There has been a poor response to the 2022 T&T deep-water bid round with only four of the 17 blocks receiving bids and those were single bids by a consortium of bpTT and Royal Dutch Shell.
It was a disappointing end to the six month process and the first deep-water bid round in close to a decade.
The Ministry of Energy and Energy Industries had offered 17 blocks in the deep-water bid round and three quarter of the blocks went without a single bid.
Interestingly BHP, now Woodside Petroleum, showed no interest in the deep-water blocks having acquired extensive seismic in T&T’s deep-water and making natural gas discoveries.
This latest disappointment comes as the Government failed to deliver a deep-water bid round, almost eight years since it came to power, and the last bid round in which bpTT and Shell were joint venture partners and sole bidders have not seen an award made because the bids were considered too unworkable by the Ministry of Energy.
There were bids were on Blocks 25(a) 25(b) 23 and 27 deep-water blocks .
Claire Fitzpatrick, Regional President of bpTT, explained to members of the media the reason behind the consortium.
“It’s actually relatively simple. When you look at some of these deep-water projects, they come with risks and they are quite expensive therefore, it’s perfectly normal that you actually end up doing things in a consortium. And given that both bp and Shell have got strong, incumbent positions here and we both bring the skills to actually progress in deep-water projects it made perfect sense for the two of us to actually come together, and actually bid as a consortium,” Fitzpatrick said.
Stéphane Picarle, General Manager, Commercial Shell T&T Ltd said the company was also delighted to bid with bp, noting that joining forces could be beneficial in deep-water exploration.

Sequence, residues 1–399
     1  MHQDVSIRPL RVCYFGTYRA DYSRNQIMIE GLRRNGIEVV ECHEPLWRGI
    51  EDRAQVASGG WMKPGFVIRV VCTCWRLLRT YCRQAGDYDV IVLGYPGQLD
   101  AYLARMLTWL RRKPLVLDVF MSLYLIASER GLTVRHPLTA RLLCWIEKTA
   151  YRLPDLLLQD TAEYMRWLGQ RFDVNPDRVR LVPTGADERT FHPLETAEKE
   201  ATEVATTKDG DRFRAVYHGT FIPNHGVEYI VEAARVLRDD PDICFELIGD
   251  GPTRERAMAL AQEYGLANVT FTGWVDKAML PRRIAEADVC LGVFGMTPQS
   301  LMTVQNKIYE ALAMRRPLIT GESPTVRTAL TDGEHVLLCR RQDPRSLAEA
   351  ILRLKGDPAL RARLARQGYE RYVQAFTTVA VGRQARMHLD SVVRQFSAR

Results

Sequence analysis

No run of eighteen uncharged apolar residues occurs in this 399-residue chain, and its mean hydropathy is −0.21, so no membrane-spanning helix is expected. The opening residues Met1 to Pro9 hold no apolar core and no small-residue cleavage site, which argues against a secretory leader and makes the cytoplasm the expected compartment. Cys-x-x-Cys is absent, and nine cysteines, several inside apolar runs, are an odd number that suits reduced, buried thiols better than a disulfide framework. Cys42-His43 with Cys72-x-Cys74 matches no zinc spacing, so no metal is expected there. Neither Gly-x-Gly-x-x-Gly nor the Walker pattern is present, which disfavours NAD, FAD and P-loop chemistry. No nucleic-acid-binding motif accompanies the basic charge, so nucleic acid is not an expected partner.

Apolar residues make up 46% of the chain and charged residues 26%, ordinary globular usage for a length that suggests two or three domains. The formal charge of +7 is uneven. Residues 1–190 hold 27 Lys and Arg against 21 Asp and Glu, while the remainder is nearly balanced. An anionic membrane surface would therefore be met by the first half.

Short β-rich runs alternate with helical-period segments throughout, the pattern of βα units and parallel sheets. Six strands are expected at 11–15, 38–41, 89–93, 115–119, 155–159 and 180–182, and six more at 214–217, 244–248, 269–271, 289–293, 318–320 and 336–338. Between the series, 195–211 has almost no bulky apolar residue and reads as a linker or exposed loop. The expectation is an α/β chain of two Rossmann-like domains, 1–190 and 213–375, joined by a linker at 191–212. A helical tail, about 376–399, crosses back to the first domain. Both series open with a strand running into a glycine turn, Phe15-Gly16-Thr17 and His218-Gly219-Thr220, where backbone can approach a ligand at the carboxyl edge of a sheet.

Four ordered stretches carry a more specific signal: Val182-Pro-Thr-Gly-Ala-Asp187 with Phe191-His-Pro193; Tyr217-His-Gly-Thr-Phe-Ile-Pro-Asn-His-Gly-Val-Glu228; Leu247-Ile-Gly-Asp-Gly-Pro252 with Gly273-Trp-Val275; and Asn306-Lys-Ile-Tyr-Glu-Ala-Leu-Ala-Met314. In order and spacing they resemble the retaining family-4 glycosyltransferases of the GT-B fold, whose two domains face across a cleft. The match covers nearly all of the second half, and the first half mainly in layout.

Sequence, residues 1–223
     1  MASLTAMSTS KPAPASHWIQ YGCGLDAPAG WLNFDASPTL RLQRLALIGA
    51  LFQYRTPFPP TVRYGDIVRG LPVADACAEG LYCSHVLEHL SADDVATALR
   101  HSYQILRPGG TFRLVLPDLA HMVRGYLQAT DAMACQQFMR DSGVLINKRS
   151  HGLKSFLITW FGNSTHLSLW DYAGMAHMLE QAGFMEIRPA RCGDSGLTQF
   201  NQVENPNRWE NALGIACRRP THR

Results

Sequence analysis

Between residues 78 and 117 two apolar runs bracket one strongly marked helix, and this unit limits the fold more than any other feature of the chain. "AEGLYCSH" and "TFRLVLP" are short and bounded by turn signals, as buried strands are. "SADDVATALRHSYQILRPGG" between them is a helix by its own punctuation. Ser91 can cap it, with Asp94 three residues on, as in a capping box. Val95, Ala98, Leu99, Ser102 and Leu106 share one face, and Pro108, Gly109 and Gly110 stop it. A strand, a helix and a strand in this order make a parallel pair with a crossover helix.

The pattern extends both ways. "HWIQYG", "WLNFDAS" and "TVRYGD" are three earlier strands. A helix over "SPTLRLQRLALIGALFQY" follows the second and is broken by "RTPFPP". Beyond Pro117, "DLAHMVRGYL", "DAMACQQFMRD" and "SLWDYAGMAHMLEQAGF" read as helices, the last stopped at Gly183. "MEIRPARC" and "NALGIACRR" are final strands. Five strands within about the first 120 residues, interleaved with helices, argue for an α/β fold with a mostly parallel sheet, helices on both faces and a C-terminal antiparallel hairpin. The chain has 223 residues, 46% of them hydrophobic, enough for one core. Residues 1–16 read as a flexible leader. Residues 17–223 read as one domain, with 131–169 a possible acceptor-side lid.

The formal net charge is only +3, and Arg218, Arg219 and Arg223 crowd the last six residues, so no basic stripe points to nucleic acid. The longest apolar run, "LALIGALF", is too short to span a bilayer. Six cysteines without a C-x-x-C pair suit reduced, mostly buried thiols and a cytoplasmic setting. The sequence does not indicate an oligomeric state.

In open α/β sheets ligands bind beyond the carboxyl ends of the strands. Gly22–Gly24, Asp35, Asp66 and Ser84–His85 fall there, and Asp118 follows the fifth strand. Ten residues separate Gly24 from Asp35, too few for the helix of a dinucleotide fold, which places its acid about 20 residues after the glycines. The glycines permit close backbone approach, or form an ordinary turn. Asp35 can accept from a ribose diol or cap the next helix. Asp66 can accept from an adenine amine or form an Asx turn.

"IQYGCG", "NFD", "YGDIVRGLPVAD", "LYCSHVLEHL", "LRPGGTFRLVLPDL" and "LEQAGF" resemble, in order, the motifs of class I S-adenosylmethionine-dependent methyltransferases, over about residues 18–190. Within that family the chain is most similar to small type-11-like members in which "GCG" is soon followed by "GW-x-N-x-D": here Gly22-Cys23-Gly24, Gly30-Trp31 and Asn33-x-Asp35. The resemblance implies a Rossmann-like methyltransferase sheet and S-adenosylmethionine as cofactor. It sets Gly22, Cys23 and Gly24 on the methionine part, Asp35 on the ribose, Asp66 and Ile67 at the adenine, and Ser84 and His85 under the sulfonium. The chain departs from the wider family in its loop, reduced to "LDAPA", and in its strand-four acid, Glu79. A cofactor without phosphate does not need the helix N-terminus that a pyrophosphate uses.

He added that the bid also demonstrated the company’s commitment to T&T’s energy future and by extension, its citizens.
On whether more competition was expected, Fitzpatrick said she did not have any preconceived ideas as to which companies would actually be interested and how “things would line up” with the strategies of other companies.
“What I was interested in was what did we think of the blocks, and did we see potential there and we did because we bid and strategically it made sense,” Fitzpatrick said, adding that she was eagerly anticipating the ministry’s evaluation.
On the attractiveness to these four particular blocks, she said like any activity, it entailed prospectivity.
“This is around what’s the risk as well as the potential reward and they are the ones that are most attractive to us but we also saw some synergies with some other activities which we already have in the region,” Fitzpatrick further explained.
On how soon the company thinks it can move through the phases from award, to exploration and hopefully production Fitzpatrick said she did not yet have an answer to that, but was confident the companies would work with the ministry as there’s an aligned objective in safely developing what’s there and getting it to market as fast as possible.
Penelope Bradshaw Niles, Permanent Secretary at the Ministry of Energy and Energy Industries, who also spoke at the bid round closing said making areas widely available is a goal of the Ministry.
“Our goal is constantly to progress from having award of acreage to exploration, to discovery to production,” she added.
She noted that previous deep-water exploration had confirmed a working petroleum system within these blocks.
Bradshaw Niles also noted that these bid rounds are the first in three planned for 2021 into 2022 with the onshore competitive bid round scheduled to be launched later this month and the shallow water bid round scheduled to be launched closer to the end of the year.